Okay, going back to my original post that started this thread. We now have two or three more cars where the HV battery is bricked or heading that way. Not sure if the battery update program that came out several years ago fixed this issue. Both of my cars have had the update. Unknown whether the cars "bricking" had the update or not.On my ICE cars I have never replaced a battery until it started having symptoms. Sometimes I'd go 10+ years with the same battery.
But do I need to change my thinking with the 12v battery in the EV's? We've got a couple of threads going now where leaving a dead 12v battery in the car might "brick" the HV battery and even though the HV battery might still be functional, there is no way anyone has come up with yet to put it back in service.
The 12v batteries on my two Smarts are each about five years old and reading 12.7v. I think they are both the originals, but here is an interesting note in the service record I got from the dealer before I bought the coupe.
"Radio left on by sales. Battery drained and had to be charged. Okay after charge."
Apparently that situation had no bearing on the HV battery.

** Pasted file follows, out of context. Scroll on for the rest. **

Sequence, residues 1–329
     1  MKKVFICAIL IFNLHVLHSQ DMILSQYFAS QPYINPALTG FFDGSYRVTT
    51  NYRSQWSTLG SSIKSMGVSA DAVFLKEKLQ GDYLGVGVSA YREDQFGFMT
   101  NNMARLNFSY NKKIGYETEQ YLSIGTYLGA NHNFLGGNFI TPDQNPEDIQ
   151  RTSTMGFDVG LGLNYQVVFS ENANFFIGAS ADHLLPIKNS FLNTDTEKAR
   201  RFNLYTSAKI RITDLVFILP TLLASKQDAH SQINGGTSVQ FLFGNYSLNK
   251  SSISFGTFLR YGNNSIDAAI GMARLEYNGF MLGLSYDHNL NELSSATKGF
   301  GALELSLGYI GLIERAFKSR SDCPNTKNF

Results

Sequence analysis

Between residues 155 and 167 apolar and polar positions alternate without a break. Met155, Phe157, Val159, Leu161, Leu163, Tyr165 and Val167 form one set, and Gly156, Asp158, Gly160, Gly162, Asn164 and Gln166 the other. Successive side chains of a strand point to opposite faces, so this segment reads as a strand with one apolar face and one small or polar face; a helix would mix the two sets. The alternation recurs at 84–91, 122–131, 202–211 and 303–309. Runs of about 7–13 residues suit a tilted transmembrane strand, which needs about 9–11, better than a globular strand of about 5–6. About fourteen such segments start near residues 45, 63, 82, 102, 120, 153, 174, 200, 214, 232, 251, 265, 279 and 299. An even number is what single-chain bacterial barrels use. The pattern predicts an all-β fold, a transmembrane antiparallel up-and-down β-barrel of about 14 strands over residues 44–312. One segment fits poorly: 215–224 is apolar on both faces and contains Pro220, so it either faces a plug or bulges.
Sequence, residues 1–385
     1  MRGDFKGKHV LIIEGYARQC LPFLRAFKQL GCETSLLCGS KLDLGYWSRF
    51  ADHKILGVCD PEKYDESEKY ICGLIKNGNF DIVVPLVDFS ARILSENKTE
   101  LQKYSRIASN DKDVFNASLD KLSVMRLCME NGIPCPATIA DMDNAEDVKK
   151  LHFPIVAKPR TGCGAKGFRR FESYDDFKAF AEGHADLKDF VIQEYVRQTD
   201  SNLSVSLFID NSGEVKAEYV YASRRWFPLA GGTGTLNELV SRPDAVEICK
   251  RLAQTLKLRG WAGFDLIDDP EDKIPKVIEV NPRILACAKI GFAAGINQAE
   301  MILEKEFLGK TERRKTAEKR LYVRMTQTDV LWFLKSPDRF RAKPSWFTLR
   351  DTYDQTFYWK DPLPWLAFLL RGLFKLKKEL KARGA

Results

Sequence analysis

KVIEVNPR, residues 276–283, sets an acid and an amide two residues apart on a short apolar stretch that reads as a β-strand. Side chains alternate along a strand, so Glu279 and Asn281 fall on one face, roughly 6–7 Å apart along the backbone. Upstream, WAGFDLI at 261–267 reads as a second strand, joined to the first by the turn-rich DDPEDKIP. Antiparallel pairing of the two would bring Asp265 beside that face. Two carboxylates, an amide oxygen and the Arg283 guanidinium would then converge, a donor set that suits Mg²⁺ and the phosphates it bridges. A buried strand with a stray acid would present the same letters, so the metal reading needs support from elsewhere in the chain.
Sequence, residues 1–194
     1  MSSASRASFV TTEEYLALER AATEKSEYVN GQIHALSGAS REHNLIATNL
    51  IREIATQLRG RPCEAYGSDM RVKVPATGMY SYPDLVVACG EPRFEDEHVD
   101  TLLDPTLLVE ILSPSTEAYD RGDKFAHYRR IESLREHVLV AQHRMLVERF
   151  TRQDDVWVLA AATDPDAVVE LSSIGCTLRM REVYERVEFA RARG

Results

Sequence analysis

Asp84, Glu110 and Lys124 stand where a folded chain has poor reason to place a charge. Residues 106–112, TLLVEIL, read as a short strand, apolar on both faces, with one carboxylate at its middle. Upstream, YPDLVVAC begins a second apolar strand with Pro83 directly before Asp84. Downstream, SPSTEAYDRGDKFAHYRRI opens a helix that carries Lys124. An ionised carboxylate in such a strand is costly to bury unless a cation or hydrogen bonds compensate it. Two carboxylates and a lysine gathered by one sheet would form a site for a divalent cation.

2014 EV Coupe 18,000 miles
2014 EV Cabriolet 12,000 miles
I am wondering also...I waited potential answer, I liked the idea of the update saved everything and didn't brick the battery... but if it's not true... My only idea is to keep an eye with the voltmeter weekly on the battery and check the voltage (I am handy, but I don't know anything about EVs...). What I know is my battery is from 2014 (never changed) and I should worry...Thanks for your reply. If you lived closer, I'd take your four year old batteries and use them for several more years. Just kidding - we each need to do what makes us feel comfortable. Gas and diesels I drive until the battery tells me it's over, but there is no real downside to doing that. In the electrics though there seems to be a connection between the 12v battery going bad causing the $10,000 HV battery to brick itself. I think I may have convinced myself.